Here's a secret about the custom home industry that many people don't realize: No house is going to be perfect. Yes, you read that right. It doesn't matter how experienced your home builder is, even the most experienced builders won't build a perfect house. Here's why.
Your one-of-a-kind home
By definition, a custom home on your land is one of a kind, just like you. It's designed to fit your needs, wants, and budget. It's the manifestation of your dream. If there were a hundred other houses that looked like it, it wouldn't hold the same place in your heart.
There are, of course, other things in life that get built and need to be perfect or pretty close to perfect. We want airplanes to be pretty perfect when we get on them to take a trip, right? Imagine Boeing building the latest and greatest airline. They draw it up on paper, tweak it multiple times, and then put together a prototype. Do they load the prototype up with paying passengers for its maiden flight? Absolutely not. They go through multiple rounds of plans and prototypes to get it exactly right.
But with a custom home, multiple rounds of prototypes aren't possible. It's a one-of-a-kind custom home that's only going to be built once. That means when it gets to the end of the process, either you or your builder are going to wish some things had been done differently.
Benefits when working with an experienced builder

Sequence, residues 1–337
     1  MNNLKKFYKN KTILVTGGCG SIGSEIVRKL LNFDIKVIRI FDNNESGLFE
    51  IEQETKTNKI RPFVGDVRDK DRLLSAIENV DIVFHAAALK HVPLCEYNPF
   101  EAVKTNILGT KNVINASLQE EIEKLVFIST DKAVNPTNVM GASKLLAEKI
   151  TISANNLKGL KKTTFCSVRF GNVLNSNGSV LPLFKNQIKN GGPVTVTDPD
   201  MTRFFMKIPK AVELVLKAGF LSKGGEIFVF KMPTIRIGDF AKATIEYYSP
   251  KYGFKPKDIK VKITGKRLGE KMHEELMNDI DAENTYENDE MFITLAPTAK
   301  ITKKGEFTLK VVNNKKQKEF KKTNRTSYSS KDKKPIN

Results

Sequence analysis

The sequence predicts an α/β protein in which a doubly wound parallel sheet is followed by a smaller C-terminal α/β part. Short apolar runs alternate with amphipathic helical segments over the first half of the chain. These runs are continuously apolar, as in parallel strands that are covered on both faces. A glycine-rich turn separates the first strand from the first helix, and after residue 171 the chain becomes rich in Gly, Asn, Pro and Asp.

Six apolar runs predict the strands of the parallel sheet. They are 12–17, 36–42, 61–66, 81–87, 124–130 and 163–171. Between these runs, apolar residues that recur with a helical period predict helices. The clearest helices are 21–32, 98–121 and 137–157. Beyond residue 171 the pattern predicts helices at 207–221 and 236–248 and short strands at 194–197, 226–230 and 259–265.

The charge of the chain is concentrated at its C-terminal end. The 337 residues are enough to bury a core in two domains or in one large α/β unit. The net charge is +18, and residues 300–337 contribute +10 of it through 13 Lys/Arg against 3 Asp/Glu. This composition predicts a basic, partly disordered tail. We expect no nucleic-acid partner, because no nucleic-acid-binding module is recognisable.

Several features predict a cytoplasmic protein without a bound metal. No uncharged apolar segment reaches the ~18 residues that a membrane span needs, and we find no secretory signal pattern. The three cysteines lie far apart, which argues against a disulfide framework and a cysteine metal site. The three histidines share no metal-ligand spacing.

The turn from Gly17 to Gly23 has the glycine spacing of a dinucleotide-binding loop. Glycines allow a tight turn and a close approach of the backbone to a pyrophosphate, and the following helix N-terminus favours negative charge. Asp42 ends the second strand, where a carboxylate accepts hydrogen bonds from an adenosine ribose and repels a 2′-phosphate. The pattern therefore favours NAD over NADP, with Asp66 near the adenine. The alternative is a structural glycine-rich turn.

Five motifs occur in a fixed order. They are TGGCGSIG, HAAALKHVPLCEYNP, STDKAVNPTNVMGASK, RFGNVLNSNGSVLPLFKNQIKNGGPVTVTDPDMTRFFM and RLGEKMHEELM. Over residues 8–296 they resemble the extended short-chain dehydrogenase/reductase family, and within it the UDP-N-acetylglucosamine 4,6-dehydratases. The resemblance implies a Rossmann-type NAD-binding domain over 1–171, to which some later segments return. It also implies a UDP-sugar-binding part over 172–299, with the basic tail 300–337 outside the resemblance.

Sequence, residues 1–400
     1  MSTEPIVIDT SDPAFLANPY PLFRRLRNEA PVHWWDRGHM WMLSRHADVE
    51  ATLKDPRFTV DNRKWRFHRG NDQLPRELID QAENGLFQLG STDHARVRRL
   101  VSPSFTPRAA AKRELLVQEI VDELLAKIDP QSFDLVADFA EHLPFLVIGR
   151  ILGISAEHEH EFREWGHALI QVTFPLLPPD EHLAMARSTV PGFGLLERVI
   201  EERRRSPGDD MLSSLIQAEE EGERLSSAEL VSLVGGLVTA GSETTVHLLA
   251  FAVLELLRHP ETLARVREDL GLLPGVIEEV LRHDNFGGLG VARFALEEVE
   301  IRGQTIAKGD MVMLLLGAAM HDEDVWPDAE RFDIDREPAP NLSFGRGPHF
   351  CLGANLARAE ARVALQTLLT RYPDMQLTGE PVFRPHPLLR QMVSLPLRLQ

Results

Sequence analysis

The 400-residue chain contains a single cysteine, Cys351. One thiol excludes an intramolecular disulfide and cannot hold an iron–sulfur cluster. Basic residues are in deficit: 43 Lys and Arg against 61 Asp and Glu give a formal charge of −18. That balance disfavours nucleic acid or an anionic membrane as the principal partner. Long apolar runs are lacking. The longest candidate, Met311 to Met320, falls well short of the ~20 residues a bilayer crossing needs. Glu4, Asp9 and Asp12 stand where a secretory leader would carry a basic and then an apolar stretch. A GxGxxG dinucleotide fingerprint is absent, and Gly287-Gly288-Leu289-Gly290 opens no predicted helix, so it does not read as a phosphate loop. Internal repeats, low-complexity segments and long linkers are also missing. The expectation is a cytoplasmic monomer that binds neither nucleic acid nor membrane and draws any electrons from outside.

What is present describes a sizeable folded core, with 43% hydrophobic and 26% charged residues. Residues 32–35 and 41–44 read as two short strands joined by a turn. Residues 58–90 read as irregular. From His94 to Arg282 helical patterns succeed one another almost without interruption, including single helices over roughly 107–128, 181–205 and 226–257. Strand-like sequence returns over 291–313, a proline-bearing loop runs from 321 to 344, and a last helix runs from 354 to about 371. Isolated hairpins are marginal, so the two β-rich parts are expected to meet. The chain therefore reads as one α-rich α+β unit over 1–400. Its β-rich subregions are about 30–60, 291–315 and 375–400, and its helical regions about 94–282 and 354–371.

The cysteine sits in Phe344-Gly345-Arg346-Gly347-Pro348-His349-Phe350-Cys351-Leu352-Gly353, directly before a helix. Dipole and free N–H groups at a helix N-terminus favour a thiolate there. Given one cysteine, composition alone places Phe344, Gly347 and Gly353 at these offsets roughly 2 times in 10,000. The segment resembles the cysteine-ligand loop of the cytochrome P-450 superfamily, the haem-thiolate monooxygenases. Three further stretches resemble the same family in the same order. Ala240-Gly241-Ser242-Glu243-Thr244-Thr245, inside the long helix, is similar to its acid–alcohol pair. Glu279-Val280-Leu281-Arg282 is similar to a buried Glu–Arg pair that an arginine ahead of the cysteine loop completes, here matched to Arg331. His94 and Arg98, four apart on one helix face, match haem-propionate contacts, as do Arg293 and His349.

Now, an experienced home builder has certainly learned a lot from the many, many custom homes they have built in the past. And those lessons absolutely carry forward to future homes that they build, so it's not like they’re starting from scratch every single time in terms of knowing what to expect. But there are inevitable new lessons to learn with each custom home.
Here's what your builder CAN do to get your custom home closer to perfect and minimize the number of things you find yourself wishing were different.
1. Review the house plan several times with you to make sure you've thought of everything within reason.
2. Give you time with the preliminary design so you and your family can review it at your own pace.
3. Have the contractors review the plans to find problem areas, such as:
- -Any space issues related to running ductwork, wiring, and pipes.
- -Door swings that interfere with each other.
- -Access to mechanical and plumbing components.
- -Layouts that cause particular structural issues that might cost extra money to fix, like a large family room with vaulted ceiling that could cause problems with bracing rafters.
- 4. Build your house several times on paper before building it in the real world.
That last one is really important. Be absolutely sure your builder intends to build your house several times on paper before building it in the real world.
You can't build a prototype, but building it multiple times on paper (and having contractors review the plans) can help prevent both little and big issues when it comes time to build.
Even with these steps in place, a perfect custom home isn't likely to happen, but you can certainly get closer to perfect. When it's finished, focus on finding the joy in your new custom home and don't worry about all the little things you would have done differently.